Danielle: “One of the biggest things I’ve learned is that everyone has their own style. Sometimes a content creator wants to deliver your messaging exactly as you’ve said it, but other times they want to challenge you a bit to get you to clarify or dig deeper into your message in order to get a story that they feel resonates better with their audience. It won’t always just be a hand-off of your talking points, but regardless of their approach, you have to trust in them. And trust in your message and convictions.”
Jason: Messaging is really tricky, and the Linux community is truly global. And while that’s an awesome thing, does it present any challenges communicating a precise message to people who don’t use English as their native language?
Danielle: “The exact words and phrases you use really matter. Especially in an international setting, you have to be really intentional. Something that sounds harmless to you might come across really harsh or rude to someone from a different region. So it’s super important to edit, and double-check, and be aware of when you’re talking about a sensitive topic.
“And you can ask for feedback! Ask your friends in the press how they think their audience will receive a message and how you can shape it to be clear with your intent.”
Cassidy James Blaede, elementary OS Co-founder & CXO
Jason: Danielle pointed out that it’s important to respect someone’s time when asking them to cover an elementary OS milestone. How exactly do you accomplish that?
Cassidy: “Don’t be afraid of the embargo! We’ve found it can be beneficial to prepare press materials ahead of time and send them out to content creators to give them some time before the public announcement to read, digest, and prepare any coverage of the announcement. It gives them time to plan and schedule, ask follow-up questions, etc. before the story feels ‘old’ to the general public. This is extremely commonplace in the greater press world, but I think most open source folks miss out on the benefits.”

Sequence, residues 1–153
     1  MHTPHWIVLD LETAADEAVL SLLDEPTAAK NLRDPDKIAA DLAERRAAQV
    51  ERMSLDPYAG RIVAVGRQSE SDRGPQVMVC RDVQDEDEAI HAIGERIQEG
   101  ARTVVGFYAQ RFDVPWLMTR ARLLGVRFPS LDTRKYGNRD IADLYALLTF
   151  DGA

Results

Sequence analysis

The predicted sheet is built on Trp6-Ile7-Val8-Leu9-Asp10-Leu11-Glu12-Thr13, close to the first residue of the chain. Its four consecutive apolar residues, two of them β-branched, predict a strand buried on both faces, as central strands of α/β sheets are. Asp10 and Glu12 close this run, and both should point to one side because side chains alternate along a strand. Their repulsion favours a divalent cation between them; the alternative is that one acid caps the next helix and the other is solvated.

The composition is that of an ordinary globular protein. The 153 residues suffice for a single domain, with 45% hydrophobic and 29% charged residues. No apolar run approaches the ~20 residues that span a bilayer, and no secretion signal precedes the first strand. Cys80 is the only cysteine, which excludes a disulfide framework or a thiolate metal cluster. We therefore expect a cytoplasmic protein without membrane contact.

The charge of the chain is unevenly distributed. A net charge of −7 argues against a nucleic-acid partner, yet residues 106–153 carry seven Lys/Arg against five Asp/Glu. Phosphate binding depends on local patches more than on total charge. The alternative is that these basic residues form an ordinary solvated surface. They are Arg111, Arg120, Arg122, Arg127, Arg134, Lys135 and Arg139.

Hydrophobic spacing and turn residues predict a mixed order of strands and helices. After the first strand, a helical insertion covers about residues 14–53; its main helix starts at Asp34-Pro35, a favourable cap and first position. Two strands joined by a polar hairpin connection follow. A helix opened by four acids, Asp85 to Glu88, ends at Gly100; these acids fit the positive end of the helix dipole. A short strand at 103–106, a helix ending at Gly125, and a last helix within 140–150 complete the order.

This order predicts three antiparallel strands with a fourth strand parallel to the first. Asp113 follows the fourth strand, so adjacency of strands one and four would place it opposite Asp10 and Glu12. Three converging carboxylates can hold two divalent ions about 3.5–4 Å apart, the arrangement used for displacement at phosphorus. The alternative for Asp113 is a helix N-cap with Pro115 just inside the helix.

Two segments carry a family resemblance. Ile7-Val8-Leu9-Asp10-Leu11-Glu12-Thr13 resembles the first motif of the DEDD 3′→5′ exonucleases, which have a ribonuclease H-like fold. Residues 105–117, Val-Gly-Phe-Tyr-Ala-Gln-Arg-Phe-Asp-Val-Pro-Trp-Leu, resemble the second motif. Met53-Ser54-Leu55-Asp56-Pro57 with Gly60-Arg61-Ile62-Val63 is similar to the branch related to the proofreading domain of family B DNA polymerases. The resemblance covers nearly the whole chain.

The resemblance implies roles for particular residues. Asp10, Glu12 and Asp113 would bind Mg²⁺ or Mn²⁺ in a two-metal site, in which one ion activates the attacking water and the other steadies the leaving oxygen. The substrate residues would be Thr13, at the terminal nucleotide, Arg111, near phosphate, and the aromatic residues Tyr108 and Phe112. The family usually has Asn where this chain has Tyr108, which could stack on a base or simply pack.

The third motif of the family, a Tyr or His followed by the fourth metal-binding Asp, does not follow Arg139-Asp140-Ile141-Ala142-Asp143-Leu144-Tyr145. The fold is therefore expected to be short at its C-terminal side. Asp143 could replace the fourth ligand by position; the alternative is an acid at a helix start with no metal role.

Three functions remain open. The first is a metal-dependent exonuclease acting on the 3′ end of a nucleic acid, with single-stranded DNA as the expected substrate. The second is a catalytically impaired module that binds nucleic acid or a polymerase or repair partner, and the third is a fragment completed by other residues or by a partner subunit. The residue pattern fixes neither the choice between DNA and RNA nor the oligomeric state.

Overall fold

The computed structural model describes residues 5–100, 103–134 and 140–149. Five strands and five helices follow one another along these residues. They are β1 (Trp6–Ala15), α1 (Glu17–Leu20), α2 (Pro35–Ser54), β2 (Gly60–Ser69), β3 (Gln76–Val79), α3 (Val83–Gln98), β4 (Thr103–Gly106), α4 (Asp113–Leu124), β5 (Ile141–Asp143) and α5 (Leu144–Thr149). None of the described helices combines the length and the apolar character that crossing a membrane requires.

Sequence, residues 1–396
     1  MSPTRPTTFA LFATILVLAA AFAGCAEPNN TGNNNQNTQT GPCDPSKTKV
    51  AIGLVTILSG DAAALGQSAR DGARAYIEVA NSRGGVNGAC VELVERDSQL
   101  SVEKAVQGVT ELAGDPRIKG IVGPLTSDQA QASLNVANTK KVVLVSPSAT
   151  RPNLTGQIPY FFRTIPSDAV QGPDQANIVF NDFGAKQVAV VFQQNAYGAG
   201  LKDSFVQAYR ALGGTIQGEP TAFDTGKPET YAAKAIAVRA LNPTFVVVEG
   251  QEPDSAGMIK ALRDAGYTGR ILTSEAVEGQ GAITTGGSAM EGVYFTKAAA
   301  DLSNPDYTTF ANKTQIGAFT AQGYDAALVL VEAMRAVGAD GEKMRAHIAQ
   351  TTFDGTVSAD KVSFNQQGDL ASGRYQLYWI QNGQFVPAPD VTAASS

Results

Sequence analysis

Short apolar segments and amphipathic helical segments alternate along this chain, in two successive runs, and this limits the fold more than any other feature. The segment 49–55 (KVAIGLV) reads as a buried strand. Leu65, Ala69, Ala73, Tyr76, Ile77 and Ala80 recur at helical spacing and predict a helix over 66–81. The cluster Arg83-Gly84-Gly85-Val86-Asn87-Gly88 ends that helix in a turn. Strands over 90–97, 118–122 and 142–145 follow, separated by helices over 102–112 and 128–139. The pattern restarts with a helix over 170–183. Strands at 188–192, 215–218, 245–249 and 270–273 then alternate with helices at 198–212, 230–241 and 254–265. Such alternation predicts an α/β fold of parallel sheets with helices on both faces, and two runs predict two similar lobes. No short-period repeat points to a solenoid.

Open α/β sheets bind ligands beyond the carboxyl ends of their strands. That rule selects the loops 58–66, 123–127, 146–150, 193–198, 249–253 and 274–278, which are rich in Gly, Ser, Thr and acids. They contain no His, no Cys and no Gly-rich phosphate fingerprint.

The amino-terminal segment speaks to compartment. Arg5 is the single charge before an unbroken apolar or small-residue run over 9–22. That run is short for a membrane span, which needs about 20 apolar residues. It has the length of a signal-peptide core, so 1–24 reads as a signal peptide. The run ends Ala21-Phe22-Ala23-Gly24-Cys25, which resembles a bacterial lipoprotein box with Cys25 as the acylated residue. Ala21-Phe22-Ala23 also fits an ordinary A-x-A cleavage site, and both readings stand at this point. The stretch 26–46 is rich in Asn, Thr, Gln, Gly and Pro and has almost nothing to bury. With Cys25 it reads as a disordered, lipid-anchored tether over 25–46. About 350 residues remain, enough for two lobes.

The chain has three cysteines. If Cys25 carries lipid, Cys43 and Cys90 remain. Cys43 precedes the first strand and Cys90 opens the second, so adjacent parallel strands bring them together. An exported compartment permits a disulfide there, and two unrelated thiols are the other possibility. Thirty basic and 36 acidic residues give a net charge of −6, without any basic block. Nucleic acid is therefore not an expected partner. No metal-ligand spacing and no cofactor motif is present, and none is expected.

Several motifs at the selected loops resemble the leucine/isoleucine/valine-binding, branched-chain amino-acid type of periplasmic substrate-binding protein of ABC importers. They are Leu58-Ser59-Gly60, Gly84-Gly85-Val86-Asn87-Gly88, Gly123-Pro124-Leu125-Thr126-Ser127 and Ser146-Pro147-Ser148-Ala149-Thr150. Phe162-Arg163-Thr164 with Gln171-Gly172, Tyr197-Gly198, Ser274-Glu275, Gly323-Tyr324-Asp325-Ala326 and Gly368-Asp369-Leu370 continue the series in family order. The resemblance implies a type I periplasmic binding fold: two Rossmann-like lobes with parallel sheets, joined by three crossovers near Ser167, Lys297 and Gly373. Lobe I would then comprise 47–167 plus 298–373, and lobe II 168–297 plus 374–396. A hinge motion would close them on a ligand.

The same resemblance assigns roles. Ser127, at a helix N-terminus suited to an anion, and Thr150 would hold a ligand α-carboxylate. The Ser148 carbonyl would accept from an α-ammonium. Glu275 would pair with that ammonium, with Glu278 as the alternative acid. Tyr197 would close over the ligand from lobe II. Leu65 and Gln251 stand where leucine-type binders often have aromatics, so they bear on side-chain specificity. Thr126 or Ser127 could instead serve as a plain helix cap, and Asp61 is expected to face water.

Jason: YES! I’ve had embargoed press releases sent to me only hours before an embargo lifts. Sometimes it’s impossible to have that quick turnaround when you’re committed to writing other things. That’s doubly true if you’re producing video! And in my case, if I can’t publish something right when that embargo time lifts, I’m frustrated because I know my audience will find the information in a dozen other places first.
Cassidy: “Also, prepare press materials!”
Jason: Oh this is a topic I appreciate! Can you elaborate on that?
Cassidy: “The best responses we’ve gotten have been when we prepare full-resolution screenshots of everything we talk about in the announcement and provide it all in a nice zipped-up download. It sounds a little funny, but the more of a content creator’s job you can do for them ahead of time (like preparing an easy-to-digest blog post and lots of high-quality screenshots), the less time they have to spend doing that—and the more time they can work on their own interesting perspectives.”
More elementary OS Goodness:
You can download elementary OS 6.0 or read the (excellent) blogs at https://elementary.io.
For more, check out my audio interview with Danielle on Linux For Everyone Episode #7.